First Basking shark sighting report of 2024

Some of you could be forgiven for forgetting what a basking shark looks like, that is assuming your name isn’t Pat Concannon, who runs the ferry service out of Cleggan to Inisboffin. Pat had the good fortune to see one this Mon. 19th February.  But this wasn’t just another basking shark sighting record, it’s way more important, as it is our first of 2024.

It’s by now some time since any of us have seen a basker, which reflects on little other than their seasonality, as Cetorhinus maximus typically arrives in spring, with a peak around May/June and by July we’re generally mopping up the last few sightings of the year. So, the vast majority of sighting records are received over a fairly short three-month shark season running April to June. While there are always outliers, such as the late season specimen videoed off Balbriggan, North Co. Dublin on Dec. 1st 2023, these are by their nature the exception to the rule.

Pat’s sighting is very much in keeping with our observations on other species of marine megafauna, such as the humpback whale, where the facts all point to their arriving in Irish coastal waters earlier each year and basking sharks it seems are no different. So, while Feb. 19th is not the earliest date we’ve ever documented a basking shark, it is within four days of this milestone. In fact, going back over the 24 years since IWDG started systematically recording basking sharks, this ranks as our 3rd earliest sighting, tallying nicely with Pat’s comment to Simon Berrow that this was the earliest he’s seen a basking shark in 30 years.  This trend is illustrated on the graph below.

Having looked briefly at the “WHEN”, begs the “WHERE” question.  Is there any significance in where these early season sharks are first appearing?  To do this, it may help us plot all sightings of this species going right back to the early days of IWDG (Map left) and then compare how they plot with a map of our earliest arrivers over the past 23 years (Map right). It’s a crude way of presenting this, but on balance those first arrivers are plotting in a way that reflects the overall map, with the east coast standing out as the one stretch of our coastline where basking shark sightings could be considered “rare”.  But it is noteworthy that in 13 of these 23 years (56%) the first arrivers were recorded along the Southwest and Celtic Sea area, which supports our observations that most sharks start arriving in numbers initially along the south/southwest and then move clockwise around the country with a high % of our late season sharks showing off the north and east coast.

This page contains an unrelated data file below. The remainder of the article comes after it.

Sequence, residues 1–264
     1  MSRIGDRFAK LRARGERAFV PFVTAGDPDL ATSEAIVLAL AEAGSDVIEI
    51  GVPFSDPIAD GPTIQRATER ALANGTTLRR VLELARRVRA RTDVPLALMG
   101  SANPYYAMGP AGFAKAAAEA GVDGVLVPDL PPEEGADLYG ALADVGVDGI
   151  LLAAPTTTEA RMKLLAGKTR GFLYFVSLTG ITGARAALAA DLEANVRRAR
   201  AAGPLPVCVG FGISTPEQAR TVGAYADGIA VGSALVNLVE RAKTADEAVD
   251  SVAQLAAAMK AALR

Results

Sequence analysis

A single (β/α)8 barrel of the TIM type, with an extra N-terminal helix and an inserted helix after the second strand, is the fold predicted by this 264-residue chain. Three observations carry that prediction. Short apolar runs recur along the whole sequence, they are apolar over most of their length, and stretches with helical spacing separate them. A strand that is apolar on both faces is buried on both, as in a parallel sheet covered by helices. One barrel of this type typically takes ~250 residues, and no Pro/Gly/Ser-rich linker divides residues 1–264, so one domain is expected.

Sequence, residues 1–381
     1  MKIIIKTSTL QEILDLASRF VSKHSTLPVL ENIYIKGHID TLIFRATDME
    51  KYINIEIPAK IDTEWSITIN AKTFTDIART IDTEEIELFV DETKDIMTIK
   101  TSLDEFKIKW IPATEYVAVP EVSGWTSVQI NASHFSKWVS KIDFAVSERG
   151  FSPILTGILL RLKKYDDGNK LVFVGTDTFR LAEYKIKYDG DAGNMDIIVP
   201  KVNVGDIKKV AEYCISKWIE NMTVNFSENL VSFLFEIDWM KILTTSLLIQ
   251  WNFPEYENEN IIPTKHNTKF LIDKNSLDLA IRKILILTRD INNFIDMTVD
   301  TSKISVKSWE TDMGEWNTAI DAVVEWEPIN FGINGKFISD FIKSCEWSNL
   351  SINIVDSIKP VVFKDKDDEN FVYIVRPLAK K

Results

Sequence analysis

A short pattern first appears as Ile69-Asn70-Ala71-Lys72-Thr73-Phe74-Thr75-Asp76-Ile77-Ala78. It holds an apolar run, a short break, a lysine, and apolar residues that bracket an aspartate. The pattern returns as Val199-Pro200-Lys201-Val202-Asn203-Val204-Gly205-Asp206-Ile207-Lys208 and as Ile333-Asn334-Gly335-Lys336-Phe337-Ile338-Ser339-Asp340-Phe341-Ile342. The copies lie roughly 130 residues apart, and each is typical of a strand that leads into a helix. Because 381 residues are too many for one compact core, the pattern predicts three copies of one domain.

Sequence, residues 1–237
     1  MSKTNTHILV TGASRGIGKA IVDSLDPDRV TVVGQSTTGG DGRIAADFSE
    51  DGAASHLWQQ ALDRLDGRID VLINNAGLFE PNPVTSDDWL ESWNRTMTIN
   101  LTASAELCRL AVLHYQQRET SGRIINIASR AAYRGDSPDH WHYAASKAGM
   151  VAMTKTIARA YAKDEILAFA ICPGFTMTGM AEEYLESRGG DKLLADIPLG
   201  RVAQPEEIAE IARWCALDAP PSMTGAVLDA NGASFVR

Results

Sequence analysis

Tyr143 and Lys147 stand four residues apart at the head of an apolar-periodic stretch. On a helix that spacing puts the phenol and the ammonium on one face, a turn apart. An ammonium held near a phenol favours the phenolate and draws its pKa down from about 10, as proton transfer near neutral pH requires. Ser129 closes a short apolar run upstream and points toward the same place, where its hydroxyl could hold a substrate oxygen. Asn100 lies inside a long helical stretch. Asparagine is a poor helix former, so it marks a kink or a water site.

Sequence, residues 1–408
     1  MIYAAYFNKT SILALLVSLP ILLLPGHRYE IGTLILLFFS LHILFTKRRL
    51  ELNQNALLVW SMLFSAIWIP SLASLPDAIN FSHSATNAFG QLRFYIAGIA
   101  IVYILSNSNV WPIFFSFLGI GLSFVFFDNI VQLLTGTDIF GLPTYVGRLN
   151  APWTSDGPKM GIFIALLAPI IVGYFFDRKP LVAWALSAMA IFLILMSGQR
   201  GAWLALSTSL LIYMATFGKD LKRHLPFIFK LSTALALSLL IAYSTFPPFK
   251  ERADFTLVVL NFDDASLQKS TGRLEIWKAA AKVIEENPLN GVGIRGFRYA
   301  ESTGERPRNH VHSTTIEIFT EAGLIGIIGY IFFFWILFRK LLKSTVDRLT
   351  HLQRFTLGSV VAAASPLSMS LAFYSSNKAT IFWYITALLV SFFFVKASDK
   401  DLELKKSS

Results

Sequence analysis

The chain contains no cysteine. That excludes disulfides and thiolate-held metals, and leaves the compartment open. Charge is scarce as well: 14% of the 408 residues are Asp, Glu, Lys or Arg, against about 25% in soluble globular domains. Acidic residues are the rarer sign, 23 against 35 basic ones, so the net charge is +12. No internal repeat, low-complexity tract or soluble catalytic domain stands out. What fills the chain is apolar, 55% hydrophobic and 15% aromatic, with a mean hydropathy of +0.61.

During 2023 we received and validated 156 sightings of the planet’s second largest shark; while not a great year, it was another good one. It will be interesting to see if these earlier arrival times, mean they are also leaving earlier or whether their residency periods are in fact extending.  Either way, it’s wonderful to see this “honorary whale” in our waters, and IWDG has always handled their sightings in the same way we do those of cetaceans. Our sightings scheme in fact collects sightings data on behalf of the Irish Basking Shark Study Group, as we share the same reporting portal. This is a really good example of research groups and NGO’s coming together in a genuine spirit of collaboration to advance the conservation of an important and iconic marine species.

By Pádraig Whooley, IWDG Sightings Officer


If you’d like to learn more about basking sharks and cetaceans in Irish waters and how to observe, identify and record them, you might be interested in the IWDG’s Residential Weekend Whale (& basking shark) Watching weekend course at CECAS in Leap, West Cork, May 24-26th.  See link below:

Bookings link for May 24-26th Course: